fore wing

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  • noun

Synonyms for fore wing

either of the anterior pair of wings on an insect that has four wings

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References in periodicals archive ?
Wings hyaline, fore wing with a infuscation on radial and radiomedial crossveins.
85 times as wide as scutellar disc; fore wing with area immediately behind basal vein bare (Fig.
Fore wings infuscated below marginal vein, with dark and strong setae on disc, apical half of disc with short, thin and light setation; marginal vein slightly infuscated.
Fore wing clear, almost reaching tip of metasoma, two-thirds as long as entire body, 2.
Pinned, right antennal segments III-IV, right fore leg distad of coxa, right mid leg distad of femur, and right wings missing, left fore wing except extreme base missing, left fore wing of another specimen fixed with glue to the scutellum, left antennal segments IIa-IV glued on label [1]; genital capsule removed, preserved in plastic microvial with glycerol, pinned with the specimen ([male]).
can easily be identified by the absence of the fore wing (RS+M)a vein, which separates it from the other species of the genus.
3x as long as wide; mesoscutum with three longitudinal rows of setae; fore wing 3.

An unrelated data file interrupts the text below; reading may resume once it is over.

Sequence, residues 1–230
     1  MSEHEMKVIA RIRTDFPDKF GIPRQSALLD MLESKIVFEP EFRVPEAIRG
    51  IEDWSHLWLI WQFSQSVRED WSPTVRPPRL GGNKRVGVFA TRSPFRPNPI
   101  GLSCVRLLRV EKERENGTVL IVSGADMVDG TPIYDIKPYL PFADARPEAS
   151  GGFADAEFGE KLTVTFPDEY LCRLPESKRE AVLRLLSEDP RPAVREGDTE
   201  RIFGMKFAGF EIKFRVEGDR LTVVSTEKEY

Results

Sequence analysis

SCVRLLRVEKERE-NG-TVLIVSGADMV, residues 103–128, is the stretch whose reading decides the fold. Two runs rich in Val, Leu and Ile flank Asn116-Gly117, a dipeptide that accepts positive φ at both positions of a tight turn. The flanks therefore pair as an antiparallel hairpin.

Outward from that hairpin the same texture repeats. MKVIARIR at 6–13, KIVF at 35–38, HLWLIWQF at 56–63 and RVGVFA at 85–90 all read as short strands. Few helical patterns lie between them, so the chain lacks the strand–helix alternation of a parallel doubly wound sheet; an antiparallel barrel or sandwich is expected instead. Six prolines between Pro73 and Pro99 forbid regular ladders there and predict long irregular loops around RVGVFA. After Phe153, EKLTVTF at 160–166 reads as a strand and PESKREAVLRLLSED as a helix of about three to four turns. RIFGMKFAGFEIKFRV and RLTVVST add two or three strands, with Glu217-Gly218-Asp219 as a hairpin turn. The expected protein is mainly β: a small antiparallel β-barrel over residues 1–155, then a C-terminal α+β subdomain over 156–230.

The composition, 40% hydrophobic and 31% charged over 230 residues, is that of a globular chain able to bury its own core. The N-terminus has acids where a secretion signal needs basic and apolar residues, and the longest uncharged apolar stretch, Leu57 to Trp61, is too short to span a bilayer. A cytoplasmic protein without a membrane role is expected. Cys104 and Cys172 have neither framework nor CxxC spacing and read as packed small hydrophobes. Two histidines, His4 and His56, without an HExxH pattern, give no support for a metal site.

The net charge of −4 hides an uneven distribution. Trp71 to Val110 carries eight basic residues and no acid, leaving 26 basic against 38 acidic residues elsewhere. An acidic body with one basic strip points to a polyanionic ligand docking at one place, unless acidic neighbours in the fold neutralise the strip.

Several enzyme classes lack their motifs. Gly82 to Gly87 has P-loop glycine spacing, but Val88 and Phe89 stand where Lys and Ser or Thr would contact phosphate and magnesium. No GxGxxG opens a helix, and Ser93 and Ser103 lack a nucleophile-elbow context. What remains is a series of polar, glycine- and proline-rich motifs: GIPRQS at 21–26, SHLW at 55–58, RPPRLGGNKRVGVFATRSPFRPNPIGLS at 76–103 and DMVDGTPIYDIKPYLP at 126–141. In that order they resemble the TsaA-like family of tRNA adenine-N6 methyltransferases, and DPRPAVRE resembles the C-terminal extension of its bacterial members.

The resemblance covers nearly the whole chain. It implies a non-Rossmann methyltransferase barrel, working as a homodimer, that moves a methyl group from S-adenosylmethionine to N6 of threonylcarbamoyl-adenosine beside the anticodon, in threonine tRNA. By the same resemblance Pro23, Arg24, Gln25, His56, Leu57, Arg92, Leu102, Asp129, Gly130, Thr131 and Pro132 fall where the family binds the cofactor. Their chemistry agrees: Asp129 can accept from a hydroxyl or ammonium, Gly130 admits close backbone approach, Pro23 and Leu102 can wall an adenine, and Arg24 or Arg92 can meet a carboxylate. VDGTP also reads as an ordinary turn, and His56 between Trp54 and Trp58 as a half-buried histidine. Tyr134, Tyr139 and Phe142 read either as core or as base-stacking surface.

Diaparsis may be distinguished from both of these genera by the fore wing, which has the posterior section of the postnervulus developed (thus the brachial cell is closed) and from Sathropterus also by the presence of a second recurrent vein.
Mesosoma is normal for the genus; fore wing proximal to linea calva with a single complete line of setae, occasionally with few setae in an angle between the line and marginal vein.
In the European and North American faunas, Allantinae can be clearly identified by possession a fully developed (closed) and barely medially constricted fore wing anal cell, which in Blennocampinae is basally reduced (open, or petiolate), except in Lycaotini (Goulet 1992), where it is complete but strongly constricted.
This combined with their overlapping fore wings gives them a low flapping frequency and a severely restricted wing motion.
Externally, the new genus looks like the Australian genus Alleloplasis Waterhouse, 1839, one of the most peculiar and bizarre planthopper genera, characterized by extremely narrow and long fore wings (stenopterism) and by the presence of sensory pits on abdominal sternites in the imago (Fig.